Being the parent of a gifted 5 year old is no easy task, but with the right techniques and some patience, your ability to discipline him will improve. An enhanced intellectual ability can often frustrate a gifted child whose emotional maturity is not at the same level. This conflict often manifests itself in temper tantrums and inappropriate behaviors that must be addressed in a way that is designed especially for a young gifted child.
Maintain a consistency with your discipline that is unfaltering when dealing with your gifted 5 year old.
Follow through with any threat of punishment that you set. Finding a suitable punishment for each behavior will be the most difficult part of your plan, but just make sure that your enforcement is appropriate and immediate. For example, if your child refuses to eat his meal, take away his dessert for that night, but don't threaten to take away desserts for a month.
Be firm. A gifted child will exploit any weakness he finds in your management of his discipline and will use that to manipulate his way out of future punishments.
Keep close contact with your child's teacher and form a constant means of communication.
Work with your child's teacher to develop a clear and easy-to-follow behavior plan that can be implemented both at school and home. This will add to the consistency of your discipline with your child and he will not feel confused because the rules at school are so drastically different than the rules at home.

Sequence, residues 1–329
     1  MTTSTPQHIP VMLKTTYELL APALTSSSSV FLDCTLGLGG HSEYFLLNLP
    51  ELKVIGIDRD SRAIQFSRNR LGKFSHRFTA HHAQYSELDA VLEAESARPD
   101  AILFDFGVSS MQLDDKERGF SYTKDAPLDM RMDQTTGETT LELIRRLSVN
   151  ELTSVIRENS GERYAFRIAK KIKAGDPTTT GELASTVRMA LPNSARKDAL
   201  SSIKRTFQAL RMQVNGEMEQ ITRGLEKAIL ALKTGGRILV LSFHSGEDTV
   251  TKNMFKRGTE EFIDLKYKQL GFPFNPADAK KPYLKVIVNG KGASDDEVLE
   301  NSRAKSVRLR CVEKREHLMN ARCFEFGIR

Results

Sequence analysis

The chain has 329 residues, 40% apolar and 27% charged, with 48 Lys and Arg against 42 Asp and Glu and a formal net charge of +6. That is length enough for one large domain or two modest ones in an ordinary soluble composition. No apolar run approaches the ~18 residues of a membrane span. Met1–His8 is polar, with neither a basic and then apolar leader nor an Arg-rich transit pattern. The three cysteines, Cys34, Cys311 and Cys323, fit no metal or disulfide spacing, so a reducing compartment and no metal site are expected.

Set boundaries that are easy to understand as well as age appropriate. Gifted children are too often mistaken for being older than they really are and, therefore, the expectations that are set upon them are unreasonable. Set your standards high, but don't make them unattainable for your little one.
Focus on your gifted child's style of thinking and develop a behavior plan that is tailor-made for him.
Create visual behavior charts that show when he meets your behavior expectations. Use brightly colored stickers or tally marks to recognize that your child is displaying the appropriate behavior.
Develop a rewards system that works for you and your child. For example, every time your child gets 10 stickers or tally marks on his behavior chart, you reward him with some special activity. It can be as simple as a trip to the park or his favorite museum. Promote your child's positive behavior with praise and appropriate rewards. Gifted children often feel different from their peers, and they may exhibit behaviors that need to be addressed in a way that is designed just for them.